NAPO met with senior staff for Congressman Ted Poe (R-TX) and Senator John Cornyn (R-TX) about the reintroduction of the Line of Duty Act. This legislation would create a new federal crime for the killing, attempted killing, or conspiring to kill a federally funded public safety officer.  The bill would also create a new federal crime for interstate flight to avoid prosecution for killing, attempting to kill, or conspiring to kill a federally funded public safety officer. This is important for NAPO members because so many of our jurisdictions receive federal funding, and this legislation will help to bring federal resources to bear in the prosecution of those who attempt to murder or murder any of these officers.  Additionally, the bill would expressly allow all judges, prosecutors, and law enforcement officials, subject to limited regulations, to carry firearms into all federal facilities, federal courts, and in jurisdictions where the carrying of such weapons is otherwise prohibited by law. 

The Line of Duty Act perfectly complements President Trump’s Executive Order on preventing violent against law enforcement officers. NAPO has long fought for increased federal protections for state and local law enforcement officers and we are working with Congressman Poe’s and Senator Cornyn’s staff on the reintroduction of this critical piece of legislation. 

NAPO also met with senior staff for Congressman Ted Deutch (D-FL), who will be reintroducing our amendment to the Drivers Privacy Protection Act (DPPA).  The DPPA was originally enacted in 1994 to protect the privacy of personal information assembled by the State Department of Motor Vehicles (DMV). The DPPA prohibits the release or use by any DMV (or an officer, employee, or contractor) of personal information about an individual obtained by the department in connection with a motor vehicle record.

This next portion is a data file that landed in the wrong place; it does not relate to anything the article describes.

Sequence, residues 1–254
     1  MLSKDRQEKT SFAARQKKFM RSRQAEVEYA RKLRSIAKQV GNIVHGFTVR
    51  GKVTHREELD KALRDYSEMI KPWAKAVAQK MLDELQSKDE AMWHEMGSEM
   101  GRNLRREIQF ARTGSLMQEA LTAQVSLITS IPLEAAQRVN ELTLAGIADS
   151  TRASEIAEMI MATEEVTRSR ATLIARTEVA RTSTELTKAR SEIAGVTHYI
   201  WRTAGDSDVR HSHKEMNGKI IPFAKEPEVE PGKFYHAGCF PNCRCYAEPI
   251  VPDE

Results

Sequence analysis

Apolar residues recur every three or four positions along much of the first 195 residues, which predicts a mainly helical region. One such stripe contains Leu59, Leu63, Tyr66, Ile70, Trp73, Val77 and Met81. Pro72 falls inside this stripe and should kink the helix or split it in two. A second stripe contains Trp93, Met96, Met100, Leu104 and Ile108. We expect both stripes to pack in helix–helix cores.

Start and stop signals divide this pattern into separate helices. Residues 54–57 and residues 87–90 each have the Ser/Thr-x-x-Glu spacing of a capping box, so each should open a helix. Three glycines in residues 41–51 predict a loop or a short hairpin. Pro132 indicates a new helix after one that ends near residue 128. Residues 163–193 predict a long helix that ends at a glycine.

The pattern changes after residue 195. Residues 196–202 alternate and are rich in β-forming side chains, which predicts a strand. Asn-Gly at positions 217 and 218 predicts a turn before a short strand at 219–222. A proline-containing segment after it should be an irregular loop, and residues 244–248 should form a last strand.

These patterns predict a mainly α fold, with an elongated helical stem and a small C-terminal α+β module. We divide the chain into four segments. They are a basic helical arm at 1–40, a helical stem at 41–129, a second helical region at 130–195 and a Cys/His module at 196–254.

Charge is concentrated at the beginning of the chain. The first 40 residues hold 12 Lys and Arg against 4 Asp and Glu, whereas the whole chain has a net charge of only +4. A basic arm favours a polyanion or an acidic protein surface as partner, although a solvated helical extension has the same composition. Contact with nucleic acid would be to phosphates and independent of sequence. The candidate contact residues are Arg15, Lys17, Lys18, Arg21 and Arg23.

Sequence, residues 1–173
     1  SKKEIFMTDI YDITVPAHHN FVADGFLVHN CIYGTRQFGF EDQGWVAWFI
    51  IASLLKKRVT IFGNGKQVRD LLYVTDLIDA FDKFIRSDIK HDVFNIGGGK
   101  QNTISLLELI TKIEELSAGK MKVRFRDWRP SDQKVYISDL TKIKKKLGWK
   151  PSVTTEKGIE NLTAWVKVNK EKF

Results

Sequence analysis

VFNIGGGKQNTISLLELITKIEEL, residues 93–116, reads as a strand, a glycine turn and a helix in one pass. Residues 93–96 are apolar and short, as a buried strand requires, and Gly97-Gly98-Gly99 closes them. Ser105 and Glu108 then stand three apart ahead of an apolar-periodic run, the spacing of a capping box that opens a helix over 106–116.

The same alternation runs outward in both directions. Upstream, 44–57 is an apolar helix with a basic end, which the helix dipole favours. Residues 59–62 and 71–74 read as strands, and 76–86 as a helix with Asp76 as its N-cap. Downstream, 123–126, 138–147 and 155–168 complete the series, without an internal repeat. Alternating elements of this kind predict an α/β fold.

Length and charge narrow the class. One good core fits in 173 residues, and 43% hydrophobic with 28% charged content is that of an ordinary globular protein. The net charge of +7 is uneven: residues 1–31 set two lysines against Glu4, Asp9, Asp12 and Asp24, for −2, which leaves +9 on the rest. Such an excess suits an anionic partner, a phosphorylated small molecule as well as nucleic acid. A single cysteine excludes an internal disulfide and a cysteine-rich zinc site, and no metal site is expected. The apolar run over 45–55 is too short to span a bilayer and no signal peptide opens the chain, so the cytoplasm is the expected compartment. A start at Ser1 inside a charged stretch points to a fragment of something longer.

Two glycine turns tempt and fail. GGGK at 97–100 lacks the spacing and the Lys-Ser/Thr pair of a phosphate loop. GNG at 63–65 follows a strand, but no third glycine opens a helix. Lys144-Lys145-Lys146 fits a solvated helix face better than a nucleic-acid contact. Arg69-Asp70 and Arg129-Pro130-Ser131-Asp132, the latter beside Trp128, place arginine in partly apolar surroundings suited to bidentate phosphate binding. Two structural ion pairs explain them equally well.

The latest amendment to the DPPA requires DMVs to receive permission from individuals before their personal motor vehicle record may be sold or release to third-party marketers. This is a major concern for the law enforcement community as this amendment authorizes a private right of action for knowing violations and a court may award damages in the amount of $2,500 for each time a record is accessed, as well as attorney fees and other litigation costs. Law enforcement officers are subject to these stringent punishments, even if they did not review files with criminal intent.

The NAPO-backed legislation to be reintroduced by Congressman Deutch would address our concerns that merely accessing the information subjects an officer to penalties and it would also raise the threshold at which punitive damages would apply. This would permit an officer to access the information without being penalized, unless the information was disclosed publically. NAPO strongly believes that if the DPPA language is not modified, law enforcement officers will be subject to large fines, and even the loss of their licenses for de minimus actions.

NAPO thanks Congressmen Poe and Deutch and Senator Cornyn for their continued support for America’s law enforcement officers. We are working with their offices to ensure these two important bills will be reintroduced with bipartisan support and we will keep our members up to date on their status. If you have any questions, please contact Andy Edmiston at


NAPO in the News